Explore these four excellent open source options for keeping track of bugs and issues, for software developers and anyone who needs to manage a complex project.
Six non-code opportunities for contributing to open source software code and communities.
Katrina Hayes shares her debugging process and gives a sneak preview of her upcoming SCaLE 14x talk.
Why open source code is not enough, but it's the right place to start as we move to more interconnected systems.
Open source software is still software and vulnerabilities are expected. Unlike a filesystem bug or a kernel panic, they cause no pain until they strike.
I do a lot of work on open source, but my most valuable contributions haven't been code. Writing a patch is the easiest part of open source. The truly hard stuff is all of the rest: bug trackers, mailing lists, documentation, and other management tasks. Here's some things I've learned along the way...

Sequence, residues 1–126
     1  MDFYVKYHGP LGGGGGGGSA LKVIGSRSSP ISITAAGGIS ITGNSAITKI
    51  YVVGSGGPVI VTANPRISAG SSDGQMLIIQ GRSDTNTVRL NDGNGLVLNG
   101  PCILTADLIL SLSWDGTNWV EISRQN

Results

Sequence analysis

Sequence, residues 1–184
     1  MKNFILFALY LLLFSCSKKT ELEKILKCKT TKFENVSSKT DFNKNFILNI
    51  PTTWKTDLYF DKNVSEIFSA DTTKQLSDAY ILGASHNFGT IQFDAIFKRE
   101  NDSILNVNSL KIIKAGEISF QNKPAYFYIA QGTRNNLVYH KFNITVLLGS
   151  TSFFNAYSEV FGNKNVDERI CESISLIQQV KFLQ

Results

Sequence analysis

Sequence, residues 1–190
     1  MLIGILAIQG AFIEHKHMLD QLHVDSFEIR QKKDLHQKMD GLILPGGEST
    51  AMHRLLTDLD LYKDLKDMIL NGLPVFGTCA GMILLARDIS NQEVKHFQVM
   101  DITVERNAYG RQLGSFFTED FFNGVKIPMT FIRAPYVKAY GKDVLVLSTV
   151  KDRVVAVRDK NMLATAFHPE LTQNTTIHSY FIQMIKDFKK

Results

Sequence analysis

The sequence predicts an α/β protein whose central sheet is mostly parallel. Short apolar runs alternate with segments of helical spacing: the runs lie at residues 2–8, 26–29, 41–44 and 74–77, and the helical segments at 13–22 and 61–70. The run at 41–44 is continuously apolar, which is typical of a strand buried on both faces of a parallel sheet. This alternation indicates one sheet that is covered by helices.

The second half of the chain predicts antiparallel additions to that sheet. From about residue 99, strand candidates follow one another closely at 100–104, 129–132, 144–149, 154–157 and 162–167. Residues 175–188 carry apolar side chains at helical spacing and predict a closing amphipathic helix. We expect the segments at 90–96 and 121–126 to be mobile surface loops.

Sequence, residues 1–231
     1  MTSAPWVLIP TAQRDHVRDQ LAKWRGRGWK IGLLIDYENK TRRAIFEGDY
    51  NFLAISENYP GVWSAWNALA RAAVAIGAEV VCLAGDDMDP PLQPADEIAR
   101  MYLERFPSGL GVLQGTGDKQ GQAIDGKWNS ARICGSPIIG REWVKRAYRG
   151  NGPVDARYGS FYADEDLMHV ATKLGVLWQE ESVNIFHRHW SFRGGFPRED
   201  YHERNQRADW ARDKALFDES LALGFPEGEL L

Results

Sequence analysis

I recently announced a call to action for GNOME 3.10 Test Day for Fedora 20 on Facebook and I got a response that caused me to think about how everyone from the general public to developers submit and fix bugs for an open source project. This was the interaction:
After 'version 1.0' of the US Constitution was released to the public on Sept 17, 1787 there was remaining discontent among several states regarding the powers assigned to the new Federal government and a lack of protections for fundamental individual freedoms and civil rights. To fix this bug, the... Read more
With almost 30 years of active development under its belt, BRL-CAD is believed to be the second oldest open source codebase in the world that’s still under active development (VistA, the EHR of the Veterans Administration being the oldest). It has also been the primary tri-service solid modeling... Read more
They're not our favorite movie quotes but I've caught myself saying some of the more popular open source phrases more than once. It might be an analogy that we use to describe what open source is or perhaps a conversation starter.